Daily Stuff 11-30-19 Eclipse

Hi, folks!

The shop will be open both early and late on Small Business Saturday (11/30)! Saturday 10am-8pm is what we’re planning.

Featured photo by Ken Gagne. Last Minus Tide of the cycle at 9:25 PM of -0.3 feet. Herbs Workshop 11-1. Sewing Workshop 3-5pm. Shop Small this year!

The sky looks like what my grandfather called “snow sky”. It’s not *that* cold, but cold enough. 39F, wind at 5mph and gusting, AQI41, UV1. We’re supposed to get rain tonight. The chance starts climbing around 2pm and then it’s supposed to be steady by 8pm. It looks definite for rain on Friday again, and showers on the days before and after. Checking the temps, it *could* snow, but not likely to stay.

Yesterday’s newsletter went out way too late. I’m not happy about how late many have gone out over the last few weeks, so I’m going to make an attempt to fix that.

After supper I caught a nap and Tempus took off around 9pm for papers…. which he still didn’t have in hand until well past midnight. He took off to do the bulk drops at 1:30. I went ahead and “picked” the turkey, pulling the easily useable meat and separating it into dark and light. Tempus only likes white meat, so that makes sense. Everything else went into a crock pot to make a heavy broth, which is still bubbling away this morning.

After that I worked on newsletter frames and adding things into the magic file. There’s a lot of Yule info, compared to some of the other Sabbats, so don’t expect too many repeats! …and as he started the regular drops just before 3am I told him that I needed to sleep so I could run today, since he was likely to get in just as we needed to open!

…and he pulled in at 8:50. We’ve the stuff taken outside, but the lights aren’t on yet. There are a few more things and then he’ll occupy the nap bed while I tend the store.

…and that’s where he is after I convinced him to eat and drink something. The lights are on and we’re open. Long day ahead! I’m still working on pendulums and crystals.

Yachats River Valley Frost on 11/29/15 by Ken Gagne

plant tree maple Acer_macrophyllum_1199Today’s Plant is Big-leaf MapleAcer macrophyllum. This tree has the largest leaves of any maple. I remember being startled by that when I first moved to Oregon. Have you ever played with the seeds? A twin pair, before they separate, is a good charm for separated lovers. Maple syrup can be made from the sap, although it is subtly different from the taste of sugar maple and a bit thinner. – Masculine, Jupiter, Air– Maple leaves are used in prosperity and love spells. When doing a baby blessing, walk the child down a row of people with maple wands to help the child to a long life. Maple has long been used for wands, being easy to work and directing energies very well. http://en.wikipedia.org/wiki/Acer_macrophyllum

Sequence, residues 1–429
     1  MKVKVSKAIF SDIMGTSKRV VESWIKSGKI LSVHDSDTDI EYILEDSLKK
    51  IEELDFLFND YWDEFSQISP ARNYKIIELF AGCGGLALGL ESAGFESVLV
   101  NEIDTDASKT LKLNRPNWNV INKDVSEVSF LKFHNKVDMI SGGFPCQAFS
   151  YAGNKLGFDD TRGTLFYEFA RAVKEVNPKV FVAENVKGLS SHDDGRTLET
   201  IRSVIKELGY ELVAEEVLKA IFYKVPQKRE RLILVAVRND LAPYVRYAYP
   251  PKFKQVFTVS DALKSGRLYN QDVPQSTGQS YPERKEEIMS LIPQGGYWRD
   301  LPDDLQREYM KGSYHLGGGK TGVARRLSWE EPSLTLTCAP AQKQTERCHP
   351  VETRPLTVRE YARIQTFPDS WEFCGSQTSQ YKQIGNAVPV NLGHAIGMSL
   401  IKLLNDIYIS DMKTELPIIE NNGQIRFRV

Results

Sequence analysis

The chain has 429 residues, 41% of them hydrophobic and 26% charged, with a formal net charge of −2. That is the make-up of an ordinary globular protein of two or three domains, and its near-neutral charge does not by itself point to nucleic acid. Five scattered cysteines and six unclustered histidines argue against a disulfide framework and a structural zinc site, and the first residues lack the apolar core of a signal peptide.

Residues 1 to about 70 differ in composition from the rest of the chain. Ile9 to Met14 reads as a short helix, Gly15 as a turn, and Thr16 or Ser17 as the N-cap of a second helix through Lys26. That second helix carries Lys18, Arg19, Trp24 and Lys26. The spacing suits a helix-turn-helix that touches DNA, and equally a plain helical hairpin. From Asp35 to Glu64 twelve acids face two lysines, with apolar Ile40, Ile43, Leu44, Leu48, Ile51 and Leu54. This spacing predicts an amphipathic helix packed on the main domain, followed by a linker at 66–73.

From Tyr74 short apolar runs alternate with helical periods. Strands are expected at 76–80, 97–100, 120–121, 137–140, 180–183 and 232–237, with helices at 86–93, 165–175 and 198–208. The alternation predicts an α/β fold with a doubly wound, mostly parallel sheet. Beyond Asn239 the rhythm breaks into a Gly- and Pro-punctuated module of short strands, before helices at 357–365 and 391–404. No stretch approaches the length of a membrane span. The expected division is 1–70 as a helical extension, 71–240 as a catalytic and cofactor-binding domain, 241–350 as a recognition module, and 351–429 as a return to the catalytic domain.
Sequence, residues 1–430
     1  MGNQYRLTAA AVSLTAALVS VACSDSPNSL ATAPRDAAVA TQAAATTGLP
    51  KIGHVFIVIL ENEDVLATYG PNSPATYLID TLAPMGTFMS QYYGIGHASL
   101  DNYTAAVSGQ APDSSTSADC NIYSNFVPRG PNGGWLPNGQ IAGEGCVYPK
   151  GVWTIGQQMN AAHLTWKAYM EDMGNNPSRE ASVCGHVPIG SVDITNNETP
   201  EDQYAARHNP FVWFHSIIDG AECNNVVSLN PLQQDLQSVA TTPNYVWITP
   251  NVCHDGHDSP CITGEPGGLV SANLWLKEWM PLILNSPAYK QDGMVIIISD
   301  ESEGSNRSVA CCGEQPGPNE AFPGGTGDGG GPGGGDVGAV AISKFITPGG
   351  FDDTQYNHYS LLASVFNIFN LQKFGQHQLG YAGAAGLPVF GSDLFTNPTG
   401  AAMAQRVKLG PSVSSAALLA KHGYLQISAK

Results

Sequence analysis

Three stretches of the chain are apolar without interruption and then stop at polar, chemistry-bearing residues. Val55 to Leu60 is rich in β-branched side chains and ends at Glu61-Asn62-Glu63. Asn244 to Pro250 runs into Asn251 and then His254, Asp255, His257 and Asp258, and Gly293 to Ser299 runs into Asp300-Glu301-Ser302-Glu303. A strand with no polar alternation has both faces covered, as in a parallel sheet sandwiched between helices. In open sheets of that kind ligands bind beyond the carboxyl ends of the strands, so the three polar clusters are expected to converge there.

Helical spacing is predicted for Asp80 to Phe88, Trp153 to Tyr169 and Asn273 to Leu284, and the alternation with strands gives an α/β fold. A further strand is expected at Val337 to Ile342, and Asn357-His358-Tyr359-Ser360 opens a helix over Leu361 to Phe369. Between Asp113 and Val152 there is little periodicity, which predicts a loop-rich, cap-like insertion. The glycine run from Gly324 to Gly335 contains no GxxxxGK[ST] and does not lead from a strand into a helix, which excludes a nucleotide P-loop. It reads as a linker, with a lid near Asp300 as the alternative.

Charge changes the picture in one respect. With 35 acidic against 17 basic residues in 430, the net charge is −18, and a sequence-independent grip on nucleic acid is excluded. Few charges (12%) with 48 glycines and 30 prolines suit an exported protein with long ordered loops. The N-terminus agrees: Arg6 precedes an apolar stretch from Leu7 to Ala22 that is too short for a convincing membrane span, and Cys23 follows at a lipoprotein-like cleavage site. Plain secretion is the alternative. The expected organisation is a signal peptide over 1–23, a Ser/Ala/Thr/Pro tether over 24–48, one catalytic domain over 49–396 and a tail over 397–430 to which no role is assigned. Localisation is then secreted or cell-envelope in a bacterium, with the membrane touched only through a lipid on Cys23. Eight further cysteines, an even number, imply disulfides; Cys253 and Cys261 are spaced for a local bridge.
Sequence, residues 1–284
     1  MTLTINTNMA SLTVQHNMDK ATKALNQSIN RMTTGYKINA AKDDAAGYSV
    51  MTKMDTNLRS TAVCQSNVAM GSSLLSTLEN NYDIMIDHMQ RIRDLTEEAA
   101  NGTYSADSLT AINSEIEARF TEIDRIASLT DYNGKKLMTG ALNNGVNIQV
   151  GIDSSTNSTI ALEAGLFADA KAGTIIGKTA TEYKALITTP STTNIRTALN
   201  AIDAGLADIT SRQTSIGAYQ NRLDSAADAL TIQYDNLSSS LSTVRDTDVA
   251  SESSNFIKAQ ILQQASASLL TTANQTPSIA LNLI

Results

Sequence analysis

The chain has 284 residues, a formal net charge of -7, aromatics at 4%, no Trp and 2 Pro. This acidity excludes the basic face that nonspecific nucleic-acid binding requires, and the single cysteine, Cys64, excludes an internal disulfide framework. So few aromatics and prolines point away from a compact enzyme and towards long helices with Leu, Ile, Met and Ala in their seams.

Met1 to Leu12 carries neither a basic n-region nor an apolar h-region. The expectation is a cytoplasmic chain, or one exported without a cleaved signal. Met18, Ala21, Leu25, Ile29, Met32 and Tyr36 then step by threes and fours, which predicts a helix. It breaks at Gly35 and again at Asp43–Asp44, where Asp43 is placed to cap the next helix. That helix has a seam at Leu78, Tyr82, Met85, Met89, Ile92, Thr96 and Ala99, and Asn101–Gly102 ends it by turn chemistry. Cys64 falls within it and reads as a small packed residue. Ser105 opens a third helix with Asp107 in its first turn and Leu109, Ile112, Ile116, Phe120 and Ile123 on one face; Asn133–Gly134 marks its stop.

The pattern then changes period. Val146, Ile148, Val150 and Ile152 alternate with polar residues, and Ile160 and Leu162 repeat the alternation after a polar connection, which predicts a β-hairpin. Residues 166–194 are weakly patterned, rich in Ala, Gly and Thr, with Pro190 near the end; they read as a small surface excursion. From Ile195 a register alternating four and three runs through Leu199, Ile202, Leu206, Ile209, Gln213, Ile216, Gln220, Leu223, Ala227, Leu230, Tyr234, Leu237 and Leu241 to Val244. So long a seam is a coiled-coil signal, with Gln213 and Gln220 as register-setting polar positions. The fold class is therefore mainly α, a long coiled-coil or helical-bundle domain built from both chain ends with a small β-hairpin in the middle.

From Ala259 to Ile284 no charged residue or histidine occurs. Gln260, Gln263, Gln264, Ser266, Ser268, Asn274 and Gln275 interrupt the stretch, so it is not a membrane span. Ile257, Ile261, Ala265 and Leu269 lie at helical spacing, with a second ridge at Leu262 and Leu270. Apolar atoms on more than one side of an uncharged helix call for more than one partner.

Eclipse 11-30-13Today is the anniversary of the oldest record of an eclipse. From Wikipedia: “Records of solar eclipses have been kept since ancient times. Eclipse dates can be used for chronological dating of historical records. A Syrian clay tablet records a solar eclipse which occurred on March 5, 1223 B.C., while Paul Griffin argues that a stone in Ireland records an eclipse on November 30, 3340 B.C. Positing classical-era astronomers’ use of Babylonian eclipse records mostly from the 13th century BC provides a feasible and mathematically consistent explanation for the Greek finding all three lunar mean motions (synodic, anomalistic, draconitic) to a precision of about one part in a million or better. Chinese historical records of solar eclipses date back over 4,000 years and have been used to measure changes in the Earth’s rate of spin.” http://en.wikipedia.org/wiki/Eclipse#Historical_record

The shop opens at 11am today. Winter hours are 11am-5pm Thursday through Monday. Need something off hours? Give us a call at 541-563-7154 or Facebook or email at ancientlight@peak.org If we’re supposed to be closed, but it looks like we’re there, try the door. If it’s open, the shop’s open! In case of bad weather, check here at the blog for updates, on our Facebook as Ancient Light, or call the shop.

Love & Light,
Anja

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Today’s Astro & Calendar